8. It sounds worse than it is - it was very much an occasional fun band, we never expected to get paid. He emailed us a while after one of the gigs to say that it turns out we were getting paid, it was £150 and he'd just taken it cause he was so broke. There were four of us and he gave one guy his share of the money cause he was a student but not two of us because we had jobs. There's a sort of logic to that, and we had expected to do the gig for free anyway. By this stage it wasn't even that high up on a long list of things we were fighting about and the band was obviously falling apart, so it didn't really even get discussed.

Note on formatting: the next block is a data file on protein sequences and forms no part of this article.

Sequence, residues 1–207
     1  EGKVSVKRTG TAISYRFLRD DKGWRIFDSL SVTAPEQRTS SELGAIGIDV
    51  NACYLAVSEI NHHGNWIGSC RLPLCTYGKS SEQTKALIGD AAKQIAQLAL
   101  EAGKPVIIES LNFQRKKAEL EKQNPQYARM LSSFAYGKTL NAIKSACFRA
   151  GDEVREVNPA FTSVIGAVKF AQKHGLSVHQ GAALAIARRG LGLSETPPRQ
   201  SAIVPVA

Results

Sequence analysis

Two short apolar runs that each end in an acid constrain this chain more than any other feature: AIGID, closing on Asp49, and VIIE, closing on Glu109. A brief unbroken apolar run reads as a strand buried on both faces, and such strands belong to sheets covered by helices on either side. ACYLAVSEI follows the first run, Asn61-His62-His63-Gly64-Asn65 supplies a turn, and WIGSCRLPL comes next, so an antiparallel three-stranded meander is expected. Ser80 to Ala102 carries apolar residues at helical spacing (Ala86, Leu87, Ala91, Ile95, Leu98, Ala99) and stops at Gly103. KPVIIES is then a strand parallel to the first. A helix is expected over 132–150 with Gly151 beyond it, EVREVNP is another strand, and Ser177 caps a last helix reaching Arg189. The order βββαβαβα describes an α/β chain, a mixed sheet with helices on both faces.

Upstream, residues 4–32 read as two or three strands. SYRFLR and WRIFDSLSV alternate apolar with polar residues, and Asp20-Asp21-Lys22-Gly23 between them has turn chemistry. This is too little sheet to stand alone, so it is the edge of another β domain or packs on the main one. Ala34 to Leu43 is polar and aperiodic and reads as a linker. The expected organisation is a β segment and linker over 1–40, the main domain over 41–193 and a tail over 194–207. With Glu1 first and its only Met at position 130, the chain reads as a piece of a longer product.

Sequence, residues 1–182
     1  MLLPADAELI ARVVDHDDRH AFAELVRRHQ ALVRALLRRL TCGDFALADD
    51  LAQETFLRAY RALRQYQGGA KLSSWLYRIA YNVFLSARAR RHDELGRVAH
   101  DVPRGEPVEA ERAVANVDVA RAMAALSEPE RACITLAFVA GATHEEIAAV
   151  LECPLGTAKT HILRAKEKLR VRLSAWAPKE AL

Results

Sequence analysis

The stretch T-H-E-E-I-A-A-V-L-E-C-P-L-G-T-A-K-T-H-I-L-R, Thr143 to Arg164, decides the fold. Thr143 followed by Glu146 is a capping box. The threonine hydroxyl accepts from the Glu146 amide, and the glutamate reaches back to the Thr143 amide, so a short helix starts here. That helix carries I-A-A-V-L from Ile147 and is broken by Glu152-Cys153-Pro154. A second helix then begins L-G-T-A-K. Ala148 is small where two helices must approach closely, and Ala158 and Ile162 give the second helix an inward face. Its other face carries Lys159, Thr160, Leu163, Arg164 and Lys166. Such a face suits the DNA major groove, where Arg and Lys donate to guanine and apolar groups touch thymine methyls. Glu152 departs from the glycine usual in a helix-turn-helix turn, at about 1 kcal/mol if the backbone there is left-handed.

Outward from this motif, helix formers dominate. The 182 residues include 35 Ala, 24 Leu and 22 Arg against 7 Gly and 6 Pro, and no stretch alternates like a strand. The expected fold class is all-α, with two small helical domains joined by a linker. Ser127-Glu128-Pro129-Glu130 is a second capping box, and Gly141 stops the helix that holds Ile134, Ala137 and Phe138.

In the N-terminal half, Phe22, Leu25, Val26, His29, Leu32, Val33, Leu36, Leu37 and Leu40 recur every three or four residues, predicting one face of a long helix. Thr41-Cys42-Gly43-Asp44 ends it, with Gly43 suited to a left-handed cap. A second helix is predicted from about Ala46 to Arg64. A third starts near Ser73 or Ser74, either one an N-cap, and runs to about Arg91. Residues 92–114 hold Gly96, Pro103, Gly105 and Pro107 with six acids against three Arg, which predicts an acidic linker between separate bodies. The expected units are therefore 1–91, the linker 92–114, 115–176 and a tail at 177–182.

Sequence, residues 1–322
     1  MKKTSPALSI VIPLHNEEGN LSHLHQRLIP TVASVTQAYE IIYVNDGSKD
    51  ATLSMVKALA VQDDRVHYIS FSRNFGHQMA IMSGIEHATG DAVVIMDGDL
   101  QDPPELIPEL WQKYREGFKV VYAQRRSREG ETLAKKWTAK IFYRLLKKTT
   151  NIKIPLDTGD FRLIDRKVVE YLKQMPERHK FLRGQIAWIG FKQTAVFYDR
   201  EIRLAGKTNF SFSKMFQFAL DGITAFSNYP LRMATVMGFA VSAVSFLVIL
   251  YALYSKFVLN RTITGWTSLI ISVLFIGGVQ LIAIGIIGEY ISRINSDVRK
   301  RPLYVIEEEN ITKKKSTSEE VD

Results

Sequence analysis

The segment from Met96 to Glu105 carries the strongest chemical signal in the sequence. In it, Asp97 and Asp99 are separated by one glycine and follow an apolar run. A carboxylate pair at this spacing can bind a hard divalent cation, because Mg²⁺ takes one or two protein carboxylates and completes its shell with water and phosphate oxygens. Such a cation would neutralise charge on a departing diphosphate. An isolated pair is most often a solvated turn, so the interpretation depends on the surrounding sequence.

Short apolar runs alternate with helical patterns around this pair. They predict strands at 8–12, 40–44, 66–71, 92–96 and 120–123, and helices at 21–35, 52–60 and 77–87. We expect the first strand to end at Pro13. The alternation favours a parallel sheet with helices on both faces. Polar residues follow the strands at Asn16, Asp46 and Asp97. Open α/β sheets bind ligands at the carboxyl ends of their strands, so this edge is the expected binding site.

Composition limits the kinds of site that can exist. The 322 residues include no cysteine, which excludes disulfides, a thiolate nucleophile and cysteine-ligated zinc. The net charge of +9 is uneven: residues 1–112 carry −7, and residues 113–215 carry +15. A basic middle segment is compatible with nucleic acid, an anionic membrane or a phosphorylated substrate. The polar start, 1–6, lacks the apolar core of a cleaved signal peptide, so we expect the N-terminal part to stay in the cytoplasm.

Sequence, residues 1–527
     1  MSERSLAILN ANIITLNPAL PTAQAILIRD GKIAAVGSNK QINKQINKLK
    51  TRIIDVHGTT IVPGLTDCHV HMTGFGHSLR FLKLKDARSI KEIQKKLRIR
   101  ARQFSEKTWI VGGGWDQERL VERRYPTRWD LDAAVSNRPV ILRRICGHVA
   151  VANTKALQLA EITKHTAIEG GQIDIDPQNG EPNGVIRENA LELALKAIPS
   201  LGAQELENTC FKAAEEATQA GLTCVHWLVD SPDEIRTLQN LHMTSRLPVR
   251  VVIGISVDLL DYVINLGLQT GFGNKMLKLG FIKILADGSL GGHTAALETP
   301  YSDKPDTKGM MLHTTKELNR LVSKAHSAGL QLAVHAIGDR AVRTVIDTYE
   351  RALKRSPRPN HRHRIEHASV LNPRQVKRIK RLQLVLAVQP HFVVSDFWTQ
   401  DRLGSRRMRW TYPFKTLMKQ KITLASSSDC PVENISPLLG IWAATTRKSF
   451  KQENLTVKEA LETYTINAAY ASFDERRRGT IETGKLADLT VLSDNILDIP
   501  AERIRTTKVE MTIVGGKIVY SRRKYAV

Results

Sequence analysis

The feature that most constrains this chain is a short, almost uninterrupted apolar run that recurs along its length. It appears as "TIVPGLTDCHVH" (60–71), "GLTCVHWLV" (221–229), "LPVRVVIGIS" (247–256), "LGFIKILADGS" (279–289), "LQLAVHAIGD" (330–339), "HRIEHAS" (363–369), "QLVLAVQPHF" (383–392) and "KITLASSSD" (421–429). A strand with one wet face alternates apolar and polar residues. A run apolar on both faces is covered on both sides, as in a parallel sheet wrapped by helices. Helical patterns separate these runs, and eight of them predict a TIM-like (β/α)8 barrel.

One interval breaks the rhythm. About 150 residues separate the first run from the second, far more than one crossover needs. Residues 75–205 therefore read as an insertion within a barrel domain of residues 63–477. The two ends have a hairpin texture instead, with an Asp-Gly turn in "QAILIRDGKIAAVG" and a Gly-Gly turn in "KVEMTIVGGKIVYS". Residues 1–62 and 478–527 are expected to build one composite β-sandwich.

9. I joined this v odd band because a mate was singing in it - we dressed up as vikings and played '80s anthemic pink torpedo rock to bemused people out for a quiet pint. It was fantastic fun as the singer had an amazing rock voice and the guitarist was a brilliant player of that riff-heavy, blistering solo style. Guitarist was a bit odd, though. I worked hard to arrange my work and young family life to make it on time to rehearsals. He had v little else going on (self-employed, no family or really any other commitments) but would breeze in 45 minutes late to a three hour rehearsal - every time. Drove me nuts. He was stone cold broke - so bad he couldn't contribute to rehearsal costs sometimes and actually just took a whole gig fee once without consulting us because he was so strapped. But he always drove a new Merc on lease 'because it gives the right impression'. We never worked out who he was trying to impress. He had other quirks, like being a bit of a conspiracy nut and carrying his thoughts/convictions to pretty extreme ends, but he could be lovely too. It all came to a head one night in a pub with a full-wall plate glass window looking out on to a side street. His gear gave him grief and he wasn't loud enough on a big solo so he got in a huff and unplugged his guitar. He walked out the door, took his guitar by the neck and started battering it on the ground, Pete Townsend-style. Trouble was he wasn't very strong (or the guitar was very well built), and not much happened. It stayed intact. So the rest of us keep playing on, just cycling through the chords as we and the bemused punters watch through the window as this guy in a viking outfit and Christina Aguilera wig ineffectually leathers his guitar at the road outside. We, and the crowd, were pissing ourselves. Best bit was when a homeless guy came up and tried to take it off him, thinking it a terrible waste. He came back in sheepishly, picked up his spare guitar and finished the gig. The band dissolved in acrimony not long after because of a bitter dispute about the ethics of giving to charity. Odd all round.